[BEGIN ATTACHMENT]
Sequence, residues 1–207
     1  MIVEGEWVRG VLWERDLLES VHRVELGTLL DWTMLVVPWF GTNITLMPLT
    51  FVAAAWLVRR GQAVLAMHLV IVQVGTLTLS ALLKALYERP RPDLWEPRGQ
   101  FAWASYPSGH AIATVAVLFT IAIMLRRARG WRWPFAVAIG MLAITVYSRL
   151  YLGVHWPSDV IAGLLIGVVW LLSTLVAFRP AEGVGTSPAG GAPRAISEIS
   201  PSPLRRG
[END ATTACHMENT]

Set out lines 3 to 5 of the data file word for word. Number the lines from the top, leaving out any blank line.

    51  FVAAAWLVRR GQAVLAMHLV IVQVGTLTLS ALLKALYERP RPDLWEPRGQ
   101  FAWASYPSGH AIATVAVLFT IAIMLRRARG WRWPFAVAIG MLAITVYSRL
   151  YLGVHWPSDV IAGLLIGVVW LLSTLVAFRP AEGVGTSPAG GAPRAISEIS